The Omicron Covid-19 variant has been registered in Qatar.
Qatar has officially confirmed its first four cases of the new Omicron Covid-19 variant, state news agency QNA reported on Friday.
The four cases were Qataris and residents who had returned from travels abroad and are currently quarantining at secure facilities, the report added.
Of the four, three of those found to be Omicron positive had been fully vaccinated at least six months ago, while the final individual was unvaccinated.
South African scientists were the first to stumble across would be known worldwide as the Omicron variant of the coronavirus, with European health agencies confirming the variant was already in the Netherlands a week before South Africa reported Omicron to the World Health Organization.
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Reports have now suggested that Omicron, while more contagious, does not seem to be any more dangerous than previous Covid-19 variants.
However, predictions by the European Centre for Disease Prevention and Control highlight that the new mutant could become “the dominant variant in Europe within months.”
The World Health Organization said: “Even if the severity is equal or potentially even lower than for Delta variant, it is expected that hospitalisations will increase if more people become infected,” the report added.
“Further information is needed to fully understand the clinical picture of those infected with the Omicron variant.”
Earlier this month, health officials in Qatar warned the rise in daily Covid-19 reported cases is “not a cause for alarm” but the emergence of the new mutant is a global reminder that the battle against Covid-19 is not yet over.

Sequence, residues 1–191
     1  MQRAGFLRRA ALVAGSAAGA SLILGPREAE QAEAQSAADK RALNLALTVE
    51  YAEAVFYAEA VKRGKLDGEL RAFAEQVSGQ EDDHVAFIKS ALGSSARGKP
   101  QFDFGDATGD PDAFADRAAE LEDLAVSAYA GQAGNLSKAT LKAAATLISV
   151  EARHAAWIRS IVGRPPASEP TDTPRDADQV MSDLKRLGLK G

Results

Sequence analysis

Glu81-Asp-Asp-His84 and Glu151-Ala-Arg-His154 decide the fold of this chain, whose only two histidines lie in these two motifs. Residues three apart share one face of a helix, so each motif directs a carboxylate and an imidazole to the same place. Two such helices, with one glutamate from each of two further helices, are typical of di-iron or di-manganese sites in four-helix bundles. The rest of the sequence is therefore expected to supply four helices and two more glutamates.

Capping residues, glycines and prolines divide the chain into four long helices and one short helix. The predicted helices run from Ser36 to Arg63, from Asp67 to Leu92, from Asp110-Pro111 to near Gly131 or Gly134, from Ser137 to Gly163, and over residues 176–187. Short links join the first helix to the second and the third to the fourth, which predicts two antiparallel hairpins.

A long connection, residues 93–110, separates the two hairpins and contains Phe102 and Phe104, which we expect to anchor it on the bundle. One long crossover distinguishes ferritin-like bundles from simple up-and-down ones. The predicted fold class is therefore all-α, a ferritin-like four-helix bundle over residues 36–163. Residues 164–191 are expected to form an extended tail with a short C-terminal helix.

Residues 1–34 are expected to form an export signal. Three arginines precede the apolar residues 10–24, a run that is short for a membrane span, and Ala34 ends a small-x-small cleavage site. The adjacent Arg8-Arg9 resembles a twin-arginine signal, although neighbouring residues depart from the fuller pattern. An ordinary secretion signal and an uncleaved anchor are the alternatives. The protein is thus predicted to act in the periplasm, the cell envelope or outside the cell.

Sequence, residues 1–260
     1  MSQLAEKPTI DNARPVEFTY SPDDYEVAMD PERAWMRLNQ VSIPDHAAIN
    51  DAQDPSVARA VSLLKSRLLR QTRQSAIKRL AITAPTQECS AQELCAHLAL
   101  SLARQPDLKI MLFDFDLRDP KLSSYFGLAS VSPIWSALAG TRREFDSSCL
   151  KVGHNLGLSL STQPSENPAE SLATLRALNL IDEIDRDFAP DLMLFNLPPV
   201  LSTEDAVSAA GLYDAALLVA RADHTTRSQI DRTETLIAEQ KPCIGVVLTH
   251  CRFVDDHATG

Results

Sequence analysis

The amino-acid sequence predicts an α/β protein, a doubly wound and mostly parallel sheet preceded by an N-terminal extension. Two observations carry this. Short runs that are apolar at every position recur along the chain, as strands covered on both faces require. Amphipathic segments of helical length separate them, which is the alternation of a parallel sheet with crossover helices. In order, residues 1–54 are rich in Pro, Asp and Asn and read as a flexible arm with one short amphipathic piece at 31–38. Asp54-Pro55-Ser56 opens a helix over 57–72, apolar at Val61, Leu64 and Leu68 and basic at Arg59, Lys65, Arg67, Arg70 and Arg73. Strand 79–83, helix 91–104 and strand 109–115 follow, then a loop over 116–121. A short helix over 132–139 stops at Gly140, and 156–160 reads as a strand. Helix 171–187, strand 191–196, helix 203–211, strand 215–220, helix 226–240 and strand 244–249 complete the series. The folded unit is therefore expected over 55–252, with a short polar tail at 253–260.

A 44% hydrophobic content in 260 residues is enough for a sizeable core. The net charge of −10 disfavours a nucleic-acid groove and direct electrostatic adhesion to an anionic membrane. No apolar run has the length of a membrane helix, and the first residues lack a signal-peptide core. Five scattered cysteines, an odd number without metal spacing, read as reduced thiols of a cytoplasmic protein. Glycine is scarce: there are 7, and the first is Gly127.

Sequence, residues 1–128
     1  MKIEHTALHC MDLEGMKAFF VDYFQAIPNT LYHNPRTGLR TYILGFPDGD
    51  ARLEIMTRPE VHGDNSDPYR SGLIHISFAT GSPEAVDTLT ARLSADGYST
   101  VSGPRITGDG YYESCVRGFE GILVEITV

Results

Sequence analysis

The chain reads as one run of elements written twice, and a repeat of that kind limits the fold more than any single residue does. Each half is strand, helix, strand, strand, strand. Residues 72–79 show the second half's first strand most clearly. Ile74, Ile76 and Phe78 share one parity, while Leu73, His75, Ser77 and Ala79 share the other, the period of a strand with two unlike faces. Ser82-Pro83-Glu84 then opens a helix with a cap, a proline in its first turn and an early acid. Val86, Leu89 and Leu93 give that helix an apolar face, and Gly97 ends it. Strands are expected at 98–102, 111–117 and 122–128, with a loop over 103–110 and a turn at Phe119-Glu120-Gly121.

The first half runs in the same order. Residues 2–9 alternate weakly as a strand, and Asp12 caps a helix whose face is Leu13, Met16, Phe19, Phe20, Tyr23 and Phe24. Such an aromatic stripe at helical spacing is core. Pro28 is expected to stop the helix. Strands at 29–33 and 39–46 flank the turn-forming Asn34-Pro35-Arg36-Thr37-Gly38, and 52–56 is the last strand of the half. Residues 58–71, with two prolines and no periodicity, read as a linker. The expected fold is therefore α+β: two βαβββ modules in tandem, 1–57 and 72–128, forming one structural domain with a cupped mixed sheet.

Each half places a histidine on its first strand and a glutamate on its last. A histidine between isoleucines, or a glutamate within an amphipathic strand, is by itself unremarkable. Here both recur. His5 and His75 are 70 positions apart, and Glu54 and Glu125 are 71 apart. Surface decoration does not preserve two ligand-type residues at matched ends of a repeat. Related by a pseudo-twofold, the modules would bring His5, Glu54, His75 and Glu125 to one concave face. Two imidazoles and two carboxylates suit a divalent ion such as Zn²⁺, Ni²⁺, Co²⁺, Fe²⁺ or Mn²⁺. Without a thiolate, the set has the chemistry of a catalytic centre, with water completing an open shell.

The recent comments from Dr. Jameela al-Ajmi, executive director of Corporate Infection Prevention & Control at Hamad Medical Corporation, came shortly after Saudi Arabia, the United Arab Emirates, and Oman all reported their first cases of the new coronavirus variant, recording the first known Omicron infections in the Gulf region.
Qatar currently has 2,356 active Covid-19 cases and has recorded a total of 614 deaths since the pandemic started. According to the latest figures from the Ministry of Public Health, 85.8% of the total population have received at least two doses of the Covid-19 vaccine.
Figures show 196,692 booster shots have also been administered in Qatar.
“We can all play a part in the ongoing fight against Covid-19 through three main actions: 1) getting vaccinated, including having a booster vaccine when your are eligible; 2) getting tested quickly if you experience signs and symptoms of Covid-19 or have been exposed to a Covid case; and 3) adhering to the precautionary measures, including social distancing, regular hand-washing and wearing of mask as it has been proven to reduce the spread of the virus,” Dr Al-Ajmi said.
Health authorities have yet to reimpose restrictions in response to the latest developments.
Pfizer booster shot ‘effective’ against Omicron
As the Omicron variant continues to spread worldwide, Pfizer revealed its booster shot of the Covid-19 vaccine was able to neutralise the new variant, as per results from new lab studies.
In a statement, BioNTech said that the third dose increases the level of “neautralising antibodies” against the new mutant. Scientists have also said that the jump in antibodies from the extra jab might be enough to protect the receiver from severe symptoms.
“Although two doses of the vaccine may still offer protection against severe disease caused by the Omicron strain, it’s clear from these preliminary data that protection is maximised with a third dose of our vaccine,” Pfizer CEO Albert Bourla said in a statement.
“Ensuring as many people as possible are fully vaccinated with the first two dose series and a booster remains the best course of action to prevent the spread of Covid-19,” Bourla said.
The initial two doses, however, showed to be significantly less effective.
The company also said that an Omicron-specific version of their coronavirus vaccine is currently under development and would be available by March.